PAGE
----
Key West Plantain Chips



We flew to Key West for the Memorial Day Weekend. Normally I would not consider going to Florida at the end of May because it’s usually somewhat warm here in Boston and downright sweltering there. But this year’s frigid winter has been so reluctant to depart that it’s trailing a tail of cold through Spring, keeping temperatures in the 40s and 50s instead of the 60s and 70s. And I wanted some sultry air to relax in.

One of my favorite parts of traveling is eating food unique to a region or city. While it’s easier and easier to get any food anywhere (except for Cailler Chocolate in the US), it seems to taste better in its native habitat, not only because a food and its place of origin are inextrricably connected, but also because there are so typically so many variations on it it – variations that you wouldn’t get anywhere else.

In South Florida, I love to eat plantains –  from crispy, transparently thin deep fried plantain strips dipped in the  garilcky-citrusy mojito sauce to the thick, meaty double-fried tostones. They are abundantly available at cuban restaurants all over the area… and in the grocery store via Chifles plantain chips.

As my regular readers will know, I consciously avoid processed foods. But Chifles are relatively unprocessed for a packaged food, and they are a vacation treat. Made without preservatives and fried in unsaturated oil, the chips are also fairly low in sodium, high in potassium, and are gluten free. But that’s not a reason to eat them. I enjoy the on the trip because they are so. good.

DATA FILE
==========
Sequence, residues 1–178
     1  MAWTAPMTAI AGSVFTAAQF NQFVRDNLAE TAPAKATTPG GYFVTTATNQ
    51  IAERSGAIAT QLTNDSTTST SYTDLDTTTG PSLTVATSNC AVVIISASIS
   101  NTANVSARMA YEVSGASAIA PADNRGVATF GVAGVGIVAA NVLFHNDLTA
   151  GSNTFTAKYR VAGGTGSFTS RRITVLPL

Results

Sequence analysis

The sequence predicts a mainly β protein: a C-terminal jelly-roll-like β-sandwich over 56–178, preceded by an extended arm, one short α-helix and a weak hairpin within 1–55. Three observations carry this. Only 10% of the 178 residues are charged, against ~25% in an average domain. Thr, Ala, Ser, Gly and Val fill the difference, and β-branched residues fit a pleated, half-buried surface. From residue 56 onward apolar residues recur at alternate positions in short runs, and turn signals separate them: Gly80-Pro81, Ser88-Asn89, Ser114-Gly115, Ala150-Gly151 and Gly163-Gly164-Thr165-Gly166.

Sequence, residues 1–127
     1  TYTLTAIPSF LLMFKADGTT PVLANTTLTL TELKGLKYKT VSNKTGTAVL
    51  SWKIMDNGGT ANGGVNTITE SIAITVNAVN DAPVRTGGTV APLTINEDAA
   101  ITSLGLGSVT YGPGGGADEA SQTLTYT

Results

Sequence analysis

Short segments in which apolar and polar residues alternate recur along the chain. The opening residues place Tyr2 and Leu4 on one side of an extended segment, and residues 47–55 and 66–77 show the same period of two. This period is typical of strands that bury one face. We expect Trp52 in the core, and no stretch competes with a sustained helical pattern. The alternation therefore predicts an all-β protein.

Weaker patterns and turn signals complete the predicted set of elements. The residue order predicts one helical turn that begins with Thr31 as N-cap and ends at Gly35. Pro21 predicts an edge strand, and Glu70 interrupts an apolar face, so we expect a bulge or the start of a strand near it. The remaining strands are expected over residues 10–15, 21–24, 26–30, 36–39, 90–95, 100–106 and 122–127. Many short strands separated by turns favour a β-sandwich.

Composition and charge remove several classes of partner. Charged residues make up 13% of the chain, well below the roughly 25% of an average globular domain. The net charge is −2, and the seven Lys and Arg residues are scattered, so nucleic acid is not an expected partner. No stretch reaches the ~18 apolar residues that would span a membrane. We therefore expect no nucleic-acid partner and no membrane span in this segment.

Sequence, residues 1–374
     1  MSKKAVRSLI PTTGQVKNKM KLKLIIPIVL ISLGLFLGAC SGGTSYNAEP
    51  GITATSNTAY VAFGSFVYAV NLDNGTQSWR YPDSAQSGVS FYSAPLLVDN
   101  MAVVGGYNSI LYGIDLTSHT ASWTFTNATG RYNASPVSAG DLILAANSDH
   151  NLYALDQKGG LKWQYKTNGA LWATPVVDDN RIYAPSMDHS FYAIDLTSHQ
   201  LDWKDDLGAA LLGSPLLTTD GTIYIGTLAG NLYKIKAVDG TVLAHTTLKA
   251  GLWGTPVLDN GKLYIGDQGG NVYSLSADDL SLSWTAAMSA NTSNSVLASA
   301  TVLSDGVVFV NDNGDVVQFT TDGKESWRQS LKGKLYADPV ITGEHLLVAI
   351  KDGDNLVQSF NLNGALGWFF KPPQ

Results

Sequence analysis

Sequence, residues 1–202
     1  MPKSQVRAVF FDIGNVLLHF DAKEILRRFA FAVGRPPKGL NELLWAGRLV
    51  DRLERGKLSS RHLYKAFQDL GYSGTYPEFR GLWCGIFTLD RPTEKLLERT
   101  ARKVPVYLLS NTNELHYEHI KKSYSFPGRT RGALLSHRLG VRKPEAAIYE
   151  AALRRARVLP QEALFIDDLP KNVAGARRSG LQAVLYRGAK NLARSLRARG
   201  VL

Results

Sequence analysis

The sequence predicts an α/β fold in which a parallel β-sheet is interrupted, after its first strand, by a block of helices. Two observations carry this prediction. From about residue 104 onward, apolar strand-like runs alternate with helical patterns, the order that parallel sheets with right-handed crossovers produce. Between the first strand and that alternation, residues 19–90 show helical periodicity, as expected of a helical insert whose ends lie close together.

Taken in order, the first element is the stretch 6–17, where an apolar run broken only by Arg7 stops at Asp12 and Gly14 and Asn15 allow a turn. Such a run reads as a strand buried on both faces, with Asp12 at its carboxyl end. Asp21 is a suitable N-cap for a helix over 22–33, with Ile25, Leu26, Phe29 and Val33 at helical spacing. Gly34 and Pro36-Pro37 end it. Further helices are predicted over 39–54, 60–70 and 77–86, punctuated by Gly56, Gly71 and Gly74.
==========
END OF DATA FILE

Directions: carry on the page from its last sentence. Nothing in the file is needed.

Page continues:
There were four varieties at the Publix grocery store where we procured our condo provisions – lime, ajo (garlic), hot & spicy, and maduros. A plantain chip taste-off was in order. Whether we should have done this as our lunch on Saturday is up for debate. But that’s exactly what we did, and I enjoyed every single bite.




Who could resist lime? Certainly not D. who always says he’s “very citrusy”. The combo was the essence of tropical – the tart lime balanced the salty rich plantain well.


Hot & Spicy

The spicy chips had a slow lingering heat, like one would imagine a sultry evening at a nightclub in Cuba in the 50s as the sun sank low and the daytime heat dissipated.


Ajo (Garlic)

The Ajo chips, I think, were meant to evoke the taste of the plantain chips dipped in the mojito sauce. Conceptually brilliant. In reality, a bit overpoweringly garlicky.




Somehow I missed taking a picture of the maduros bag by itself. These chips, made from the ripe plantains instead of the green plantains, have a natural sweetness, then are lightly salted. They are delicious, but a bit too sweet to be eaten on their own. They would be great with a dip.

It was hard to pick a winner between the lime and the hot and spicy. It was pretty much a tie. But I’d eat the garlic again too. And would love to try the maduros with a dip.

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